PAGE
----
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Republished with permission
Correction: The city of Georgetown, Texas, paid for over 100,000 megawatt-hours in July 2018 and customers used less than 77,000 MWh. An earlier version of this story incorrectly labeled the numbers kilowatts-hours instead of megawatt-hours.
An inconvenient truth is hanging over Georgetown, Texas: Its celebrated shift to renewable energy doesn’t look like a national model these days.
Electric rates are up. Critics are blasting the costs. And the city north of Austin is trying to figure out how to mitigate the situation.
Georgetown, whose green push gained global attention thanks to former Vice President Al Gore and others, can claim to have 100% renewable power thanks to a credit system tied to electricity purchases. In 2018, the city bought enough power from wind and solar projects to account for all of the community’s consumption. It also pays for power fueled by natural gas.
In all, the city contracts for more electricity than its municipal utility needs to serve customers — and that’s been a problem. Surplus power is sold into a market hampered by weak prices, often delivering financial losses instead of the returns Georgetown expected.
“It’s unfortunate that the Georgetown experiment went so quickly from being a success story to being something of a cautionary example,” said Adrian Shelley, director of the Texas office of Public Citizen, a consumer advocacy group.
Shelley remains optimistic about renewable energy’s growth in Texas and beyond. He tied Georgetown’s predicament to the specifics of the growing city’s plan to meet demand as well as lower-than-expected natural gas prices. In Texas’ main power market, electricity prices are heavily influenced by the price of gas.
But how the Georgetown saga plays out could affect how other areas with municipal utilities pursue and budget for renewables — especially if they lock in more power than they need. That’s important because cities and companies across the country are proposing renewable and net-zero carbon goals.
In Georgetown, which has about 75,000 residents, the city’s mayor remains hopeful about the future even as questions continue. The renewable energy push happened through a search for cost certainty and not a 100% renewables target.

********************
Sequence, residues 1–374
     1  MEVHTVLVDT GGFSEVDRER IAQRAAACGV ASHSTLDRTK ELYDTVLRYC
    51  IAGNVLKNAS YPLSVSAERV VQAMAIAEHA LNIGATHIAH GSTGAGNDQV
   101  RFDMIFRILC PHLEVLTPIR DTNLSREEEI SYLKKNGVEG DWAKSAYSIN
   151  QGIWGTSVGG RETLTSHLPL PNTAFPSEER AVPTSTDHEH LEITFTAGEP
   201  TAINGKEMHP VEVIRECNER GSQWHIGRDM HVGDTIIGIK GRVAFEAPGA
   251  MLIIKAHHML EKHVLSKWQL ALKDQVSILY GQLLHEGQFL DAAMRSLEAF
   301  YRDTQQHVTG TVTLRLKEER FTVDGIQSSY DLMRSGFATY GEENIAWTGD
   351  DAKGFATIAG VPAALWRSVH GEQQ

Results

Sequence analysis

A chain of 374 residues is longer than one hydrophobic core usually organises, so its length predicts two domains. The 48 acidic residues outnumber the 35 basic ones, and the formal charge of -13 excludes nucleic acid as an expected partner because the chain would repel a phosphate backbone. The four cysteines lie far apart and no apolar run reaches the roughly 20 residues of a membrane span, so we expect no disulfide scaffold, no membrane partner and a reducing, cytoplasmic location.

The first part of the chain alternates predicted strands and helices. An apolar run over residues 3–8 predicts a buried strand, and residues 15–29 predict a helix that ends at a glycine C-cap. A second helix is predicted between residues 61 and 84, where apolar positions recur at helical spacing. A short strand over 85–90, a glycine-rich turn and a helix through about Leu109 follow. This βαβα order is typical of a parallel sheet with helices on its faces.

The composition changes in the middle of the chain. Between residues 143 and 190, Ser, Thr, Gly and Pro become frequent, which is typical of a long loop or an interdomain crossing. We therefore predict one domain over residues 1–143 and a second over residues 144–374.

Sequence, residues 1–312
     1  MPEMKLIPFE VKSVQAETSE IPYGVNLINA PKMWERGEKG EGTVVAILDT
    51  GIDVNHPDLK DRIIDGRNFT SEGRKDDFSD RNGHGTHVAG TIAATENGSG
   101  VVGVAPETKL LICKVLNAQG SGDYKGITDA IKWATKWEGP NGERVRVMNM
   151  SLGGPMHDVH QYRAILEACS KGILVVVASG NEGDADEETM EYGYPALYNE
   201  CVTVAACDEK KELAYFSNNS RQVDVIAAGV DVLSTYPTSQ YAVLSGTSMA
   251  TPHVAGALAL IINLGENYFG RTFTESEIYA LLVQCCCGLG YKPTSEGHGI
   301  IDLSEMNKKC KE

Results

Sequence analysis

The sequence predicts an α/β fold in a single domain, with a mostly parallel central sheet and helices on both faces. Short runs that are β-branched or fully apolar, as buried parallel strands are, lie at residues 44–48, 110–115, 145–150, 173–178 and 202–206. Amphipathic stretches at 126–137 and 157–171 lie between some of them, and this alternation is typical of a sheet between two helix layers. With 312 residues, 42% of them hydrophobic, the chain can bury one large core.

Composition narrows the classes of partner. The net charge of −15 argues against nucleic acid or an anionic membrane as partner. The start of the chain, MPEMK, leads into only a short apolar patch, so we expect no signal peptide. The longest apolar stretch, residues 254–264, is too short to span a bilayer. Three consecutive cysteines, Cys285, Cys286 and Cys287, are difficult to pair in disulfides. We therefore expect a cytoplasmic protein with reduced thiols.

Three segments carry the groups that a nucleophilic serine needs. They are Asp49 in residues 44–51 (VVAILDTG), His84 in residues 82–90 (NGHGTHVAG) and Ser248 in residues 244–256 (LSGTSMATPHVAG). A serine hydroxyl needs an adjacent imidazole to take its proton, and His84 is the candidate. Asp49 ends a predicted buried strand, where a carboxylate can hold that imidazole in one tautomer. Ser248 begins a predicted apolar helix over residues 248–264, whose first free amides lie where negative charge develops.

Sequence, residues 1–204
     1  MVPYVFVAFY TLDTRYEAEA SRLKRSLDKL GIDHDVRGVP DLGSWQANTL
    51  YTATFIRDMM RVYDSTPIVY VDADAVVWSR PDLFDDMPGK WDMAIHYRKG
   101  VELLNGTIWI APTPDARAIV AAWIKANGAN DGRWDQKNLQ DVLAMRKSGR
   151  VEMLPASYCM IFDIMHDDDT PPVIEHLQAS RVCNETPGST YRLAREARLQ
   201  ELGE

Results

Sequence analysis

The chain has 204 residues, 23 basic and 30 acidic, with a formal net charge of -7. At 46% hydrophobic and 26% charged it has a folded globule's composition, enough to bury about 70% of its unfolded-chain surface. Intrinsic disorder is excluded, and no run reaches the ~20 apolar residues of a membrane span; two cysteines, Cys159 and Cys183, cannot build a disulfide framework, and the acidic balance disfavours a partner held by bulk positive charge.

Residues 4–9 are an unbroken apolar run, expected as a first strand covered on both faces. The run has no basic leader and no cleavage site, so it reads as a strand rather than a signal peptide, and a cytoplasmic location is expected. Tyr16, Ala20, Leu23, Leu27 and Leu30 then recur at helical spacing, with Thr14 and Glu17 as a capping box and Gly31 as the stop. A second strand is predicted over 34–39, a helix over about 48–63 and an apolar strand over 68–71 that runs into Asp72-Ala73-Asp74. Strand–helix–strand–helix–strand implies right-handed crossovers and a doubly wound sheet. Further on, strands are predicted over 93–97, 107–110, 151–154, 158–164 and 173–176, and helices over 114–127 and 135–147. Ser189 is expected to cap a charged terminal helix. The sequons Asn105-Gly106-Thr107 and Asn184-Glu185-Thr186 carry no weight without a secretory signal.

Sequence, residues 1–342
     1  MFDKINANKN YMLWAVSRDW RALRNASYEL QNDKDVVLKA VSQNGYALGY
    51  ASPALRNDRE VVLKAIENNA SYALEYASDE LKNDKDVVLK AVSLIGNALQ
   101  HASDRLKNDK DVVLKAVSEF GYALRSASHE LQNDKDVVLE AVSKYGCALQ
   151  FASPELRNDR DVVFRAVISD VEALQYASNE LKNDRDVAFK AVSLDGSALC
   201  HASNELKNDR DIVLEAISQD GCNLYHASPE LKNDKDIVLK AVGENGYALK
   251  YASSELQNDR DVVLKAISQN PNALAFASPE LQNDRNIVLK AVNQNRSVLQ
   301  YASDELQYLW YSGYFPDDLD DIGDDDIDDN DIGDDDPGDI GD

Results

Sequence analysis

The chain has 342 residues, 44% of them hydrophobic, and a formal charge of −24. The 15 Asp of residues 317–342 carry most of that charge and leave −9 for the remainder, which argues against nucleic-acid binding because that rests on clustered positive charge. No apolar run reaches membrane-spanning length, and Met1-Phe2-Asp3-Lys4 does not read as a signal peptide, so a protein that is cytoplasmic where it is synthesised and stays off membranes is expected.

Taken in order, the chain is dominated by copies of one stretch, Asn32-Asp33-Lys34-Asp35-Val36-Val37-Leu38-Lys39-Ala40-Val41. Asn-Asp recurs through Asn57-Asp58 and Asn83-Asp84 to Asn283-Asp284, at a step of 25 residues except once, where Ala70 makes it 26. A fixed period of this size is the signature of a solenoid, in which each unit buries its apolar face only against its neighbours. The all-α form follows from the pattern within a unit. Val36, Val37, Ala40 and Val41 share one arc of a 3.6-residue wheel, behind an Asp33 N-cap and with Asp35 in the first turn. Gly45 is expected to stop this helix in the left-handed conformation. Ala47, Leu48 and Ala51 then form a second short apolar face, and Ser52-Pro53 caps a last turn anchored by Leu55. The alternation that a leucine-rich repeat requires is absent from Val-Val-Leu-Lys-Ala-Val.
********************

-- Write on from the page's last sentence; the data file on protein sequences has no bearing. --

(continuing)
“I think that there’s probably some lessons to be learned there for other cities that are interested in doing something similar,” said Kyle Harrison, an analyst who covers corporate sustainability at BloombergNEF, a market research firm.
Harrison said fixed-price renewable energy deals can be misleading in terms of potential long-term stability for what parties will pay for electricity. That became clear in recent years as generation tied to natural gas and renewables depressed Texas power prices.
When the market price is less than a fixed price in a power purchase agreement, Harrison said, a buyer typically has to pay the developer the difference. That led a number of companies in renewable deals to have “buyer’s remorse,” the analyst said. There is a potential upside for buyers when electricity prices rise.
Georgetown declined to discuss many of the details of its renewable contracts, but said on its website that the city “is still obligated to pay the price for energy we secured in our contracts” when the price of energy decreases. It also talked about looking to change its ongoing financial obligations related to energy contracts.
U.S. public power utilities cut carbon dioxide emissions 33% from 2005 to 2017, according to the American Public Power Association. Yet the situation facing Georgetown isn’t something the national group is positioned to solve. APPA told E&E News that one of the benefits of public power is local control and decisionmaking.